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Vascular inflammation by FDG PET-CT is associated with aortic wall Properties by MRI.

Tuesday, September 23, 2014 — Poster Session III

12:00 p.m. – 2:00 p.m.

FAES Academic Center



* FARE Award Winner


  • AS Sadek
  • J Dave
  • J Hasan
  • P Krishnamoorthy
  • S Rose
  • H Naik
  • E Weiner
  • MA Ahlman
  • DA Bluemke
  • NN Mehta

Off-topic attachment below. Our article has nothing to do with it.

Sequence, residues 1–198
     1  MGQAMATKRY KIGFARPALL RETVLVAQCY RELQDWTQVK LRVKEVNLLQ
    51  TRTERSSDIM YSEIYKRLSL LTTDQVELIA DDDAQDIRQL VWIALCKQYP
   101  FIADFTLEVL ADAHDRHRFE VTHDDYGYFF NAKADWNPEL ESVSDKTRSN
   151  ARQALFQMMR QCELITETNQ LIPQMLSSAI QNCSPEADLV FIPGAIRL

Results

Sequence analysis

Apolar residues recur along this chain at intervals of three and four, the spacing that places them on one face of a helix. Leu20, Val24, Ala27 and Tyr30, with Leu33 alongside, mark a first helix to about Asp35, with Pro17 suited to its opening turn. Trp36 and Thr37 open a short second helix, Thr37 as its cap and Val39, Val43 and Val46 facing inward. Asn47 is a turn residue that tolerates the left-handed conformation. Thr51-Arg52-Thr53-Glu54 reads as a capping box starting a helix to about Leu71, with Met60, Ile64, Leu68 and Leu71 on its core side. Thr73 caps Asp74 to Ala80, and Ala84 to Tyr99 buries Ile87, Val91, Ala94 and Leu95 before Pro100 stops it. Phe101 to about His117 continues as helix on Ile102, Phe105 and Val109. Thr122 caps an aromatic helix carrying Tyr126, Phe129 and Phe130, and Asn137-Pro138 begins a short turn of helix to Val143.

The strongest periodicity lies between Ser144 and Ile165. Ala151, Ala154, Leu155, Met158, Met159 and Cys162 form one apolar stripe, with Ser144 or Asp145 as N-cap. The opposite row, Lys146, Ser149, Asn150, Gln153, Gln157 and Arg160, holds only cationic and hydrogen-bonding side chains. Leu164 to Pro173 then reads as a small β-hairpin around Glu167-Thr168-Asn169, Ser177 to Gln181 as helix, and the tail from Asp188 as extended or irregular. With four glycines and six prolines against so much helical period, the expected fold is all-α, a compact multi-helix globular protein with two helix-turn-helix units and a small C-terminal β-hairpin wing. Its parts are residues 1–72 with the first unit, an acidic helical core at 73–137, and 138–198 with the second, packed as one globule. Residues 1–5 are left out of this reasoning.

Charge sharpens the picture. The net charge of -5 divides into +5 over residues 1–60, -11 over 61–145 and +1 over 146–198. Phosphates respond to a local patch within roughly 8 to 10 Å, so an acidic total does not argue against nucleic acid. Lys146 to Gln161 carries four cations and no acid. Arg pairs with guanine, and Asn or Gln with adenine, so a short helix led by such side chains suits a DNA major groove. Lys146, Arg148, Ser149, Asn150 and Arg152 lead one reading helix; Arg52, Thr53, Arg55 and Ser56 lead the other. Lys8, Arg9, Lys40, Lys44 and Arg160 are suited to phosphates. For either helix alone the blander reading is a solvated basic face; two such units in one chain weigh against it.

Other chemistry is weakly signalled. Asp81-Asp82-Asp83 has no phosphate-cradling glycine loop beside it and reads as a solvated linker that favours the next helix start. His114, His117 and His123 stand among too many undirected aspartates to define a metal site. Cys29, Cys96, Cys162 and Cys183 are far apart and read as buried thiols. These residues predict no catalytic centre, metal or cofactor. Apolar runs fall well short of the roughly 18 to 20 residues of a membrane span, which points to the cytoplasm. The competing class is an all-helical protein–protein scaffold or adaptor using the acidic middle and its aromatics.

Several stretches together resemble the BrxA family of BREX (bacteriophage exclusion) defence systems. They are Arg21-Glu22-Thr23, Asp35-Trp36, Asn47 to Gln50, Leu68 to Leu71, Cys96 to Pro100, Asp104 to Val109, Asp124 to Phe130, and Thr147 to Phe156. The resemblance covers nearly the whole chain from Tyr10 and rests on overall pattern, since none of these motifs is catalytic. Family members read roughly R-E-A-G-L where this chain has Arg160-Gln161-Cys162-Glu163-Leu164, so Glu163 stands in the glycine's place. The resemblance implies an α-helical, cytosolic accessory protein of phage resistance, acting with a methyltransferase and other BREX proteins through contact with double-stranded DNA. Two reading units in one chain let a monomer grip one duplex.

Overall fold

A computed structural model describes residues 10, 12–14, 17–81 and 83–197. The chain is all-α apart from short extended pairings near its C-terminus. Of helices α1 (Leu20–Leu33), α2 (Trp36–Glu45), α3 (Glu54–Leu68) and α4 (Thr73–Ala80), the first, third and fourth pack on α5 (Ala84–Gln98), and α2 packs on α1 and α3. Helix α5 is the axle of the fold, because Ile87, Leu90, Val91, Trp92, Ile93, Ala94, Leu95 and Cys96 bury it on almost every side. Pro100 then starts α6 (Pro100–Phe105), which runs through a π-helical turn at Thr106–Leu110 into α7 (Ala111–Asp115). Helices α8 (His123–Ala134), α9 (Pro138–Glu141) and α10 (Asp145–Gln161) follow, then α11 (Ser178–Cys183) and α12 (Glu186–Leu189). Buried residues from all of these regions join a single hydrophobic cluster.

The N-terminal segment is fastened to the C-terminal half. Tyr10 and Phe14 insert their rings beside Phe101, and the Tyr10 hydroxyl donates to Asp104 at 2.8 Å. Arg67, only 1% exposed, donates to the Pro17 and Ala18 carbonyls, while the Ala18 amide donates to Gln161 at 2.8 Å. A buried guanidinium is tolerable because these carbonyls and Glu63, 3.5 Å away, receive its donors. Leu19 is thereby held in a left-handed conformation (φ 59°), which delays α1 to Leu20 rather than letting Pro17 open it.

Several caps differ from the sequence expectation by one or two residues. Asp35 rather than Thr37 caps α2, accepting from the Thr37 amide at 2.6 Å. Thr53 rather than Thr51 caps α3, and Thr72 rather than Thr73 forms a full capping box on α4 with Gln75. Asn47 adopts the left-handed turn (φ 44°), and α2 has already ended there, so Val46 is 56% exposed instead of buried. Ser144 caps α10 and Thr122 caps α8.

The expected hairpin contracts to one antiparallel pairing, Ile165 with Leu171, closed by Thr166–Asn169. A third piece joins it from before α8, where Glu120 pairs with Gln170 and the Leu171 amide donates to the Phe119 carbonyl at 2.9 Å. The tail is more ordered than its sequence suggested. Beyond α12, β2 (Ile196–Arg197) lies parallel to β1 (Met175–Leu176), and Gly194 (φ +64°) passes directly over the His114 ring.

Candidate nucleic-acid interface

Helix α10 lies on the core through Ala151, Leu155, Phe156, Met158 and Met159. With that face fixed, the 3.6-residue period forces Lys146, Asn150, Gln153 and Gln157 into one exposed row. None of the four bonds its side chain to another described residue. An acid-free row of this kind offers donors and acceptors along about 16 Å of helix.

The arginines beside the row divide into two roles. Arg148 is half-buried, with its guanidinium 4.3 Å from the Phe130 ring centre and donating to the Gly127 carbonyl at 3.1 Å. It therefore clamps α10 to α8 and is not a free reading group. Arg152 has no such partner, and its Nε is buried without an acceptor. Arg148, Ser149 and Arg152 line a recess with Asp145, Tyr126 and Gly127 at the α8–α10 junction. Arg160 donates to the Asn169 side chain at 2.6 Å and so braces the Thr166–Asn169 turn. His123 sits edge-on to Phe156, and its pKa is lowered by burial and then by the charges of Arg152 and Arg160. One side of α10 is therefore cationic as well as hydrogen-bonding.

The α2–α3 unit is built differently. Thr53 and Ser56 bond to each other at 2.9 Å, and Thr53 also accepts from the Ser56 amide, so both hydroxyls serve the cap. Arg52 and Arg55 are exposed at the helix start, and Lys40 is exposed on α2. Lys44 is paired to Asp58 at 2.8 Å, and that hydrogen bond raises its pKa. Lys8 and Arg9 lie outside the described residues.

Psoriasis is an inflammatory skin disease associated with cardiovascular (CV) events. Aortic vascular inflammation (VI) by [18F] Fluorodeoxyglucose Positron Emission Tomography-Computed Tomography (PET-CT) predicts future CV events and is increased in psoriasis. Furthermore, increased aortic wall thickness (WT) and decreased aortic distensibility (AD) by Magnetic Resonance Imaging (MRI) predict future CV disease. We sought to understand the relationship between VI, WT and AD PET-CT and MRI exams were obtained in psoriasis (n=53). To measure VI, regions of interest were placed on PET images to measure the maximal aortic standard uptake value (SUVmax). To measure WT, wall boundaries of the aorta were traced on each MRI slice ,and to measure AD, aorta contours were traced throughout the cardiac cycle .The relationship between VI, AD and WT were analyzed for unadjusted (Spearman’s rho) and adjusted (multivariable linear regression) models. CV risk factors were associated with SUVmax, WT and AD (p<0.01 for all).After adjusting for CV risk factors, both WT (β= 8.75 , p <0.001 ), and AD (β= -247, p< .001) were independently associated with VI. In psoriasis, increased VI may be associated with structural and functional vessel abnormalities . Larger ongoing outcome studies will inform biological significance of these findings.

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